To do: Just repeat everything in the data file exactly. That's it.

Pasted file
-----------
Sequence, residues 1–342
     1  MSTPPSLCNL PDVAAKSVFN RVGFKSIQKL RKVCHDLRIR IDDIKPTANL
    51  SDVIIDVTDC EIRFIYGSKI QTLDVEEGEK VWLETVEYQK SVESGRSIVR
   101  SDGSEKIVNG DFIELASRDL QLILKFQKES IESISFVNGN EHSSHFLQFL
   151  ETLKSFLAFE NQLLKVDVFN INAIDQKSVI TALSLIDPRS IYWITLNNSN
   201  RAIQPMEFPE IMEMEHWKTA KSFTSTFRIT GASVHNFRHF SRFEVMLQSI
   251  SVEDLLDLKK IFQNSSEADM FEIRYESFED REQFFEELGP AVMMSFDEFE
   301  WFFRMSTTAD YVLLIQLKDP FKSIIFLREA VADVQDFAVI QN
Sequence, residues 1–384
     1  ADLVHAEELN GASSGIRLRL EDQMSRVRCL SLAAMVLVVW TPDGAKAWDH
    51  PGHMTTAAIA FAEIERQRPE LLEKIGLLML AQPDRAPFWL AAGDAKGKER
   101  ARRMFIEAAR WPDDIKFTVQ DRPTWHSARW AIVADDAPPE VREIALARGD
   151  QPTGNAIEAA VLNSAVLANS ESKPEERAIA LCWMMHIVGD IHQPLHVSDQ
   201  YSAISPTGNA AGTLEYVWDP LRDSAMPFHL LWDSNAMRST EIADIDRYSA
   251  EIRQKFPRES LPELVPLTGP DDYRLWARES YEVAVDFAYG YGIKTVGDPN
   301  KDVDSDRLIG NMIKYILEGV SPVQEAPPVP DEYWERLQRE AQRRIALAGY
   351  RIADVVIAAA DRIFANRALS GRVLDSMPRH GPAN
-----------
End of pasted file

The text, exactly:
Sequence, residues 1–342
     1  MSTPPSLCNL PDVAAKSVFN RVGFKSIQKL RKVCHDLRIR IDDIKPTANL
    51  SDVIIDVTDC EIRFIYGSKI QTLDVEEGEK VWLETVEYQK SVESGRSIVR
   101  SDGSEKIVNG DFIELASRDL QLILKFQKES IESISFVNGN EHSSHFLQFL
   151  ETLKSFLAFE NQLLKVDVFN INAIDQKSVI TALSLIDPRS IYWITLNNSN
   201  RAIQPMEFPE IMEMEHWKTA KSFTSTFRIT GASVHNFRHF SRFEVMLQSI
   251  SVEDLLDLKK IFQNSSEADM FEIRYESFED REQFFEELGP AVMMSFDEFE
   301  WFFRMSTTAD YVLLIQLKDP FKSIIFLREA VADVQDFAVI QN
Sequence, residues 1–384
     1  ADLVHAEELN GASSGIRLRL EDQMSRVRCL SLAAMVLVVW TPDGAKAWDH
    51  PGHMTTAAIA FAEIERQRPE LLEKIGLLML AQPDRAPFWL AAGDAKGKER
   101  ARRMFIEAAR WPDDIKFTVQ DRPTWHSARW AIVADDAPPE VREIALARGD
   151  QPTGNAIEAA VLNSAVLANS ESKPEERAIA LCWMMHIVGD IHQPLHVSDQ
   201  YSAISPTGNA AGTLEYVWDP LRDSAMPFHL LWDSNAMRST EIADIDRYSA
   251  EIRQKFPRES LPELVPLTGP DDYRLWARES YEVAVDFAYG YGIKTVGDPN
   301  KDVDSDRLIG NMIKYILEGV SPVQEAPPVP DEYWERLQRE AQRRIALAGY
   351  RIADVVIAAA DRIFANRALS GRVLDSMPRH GPAN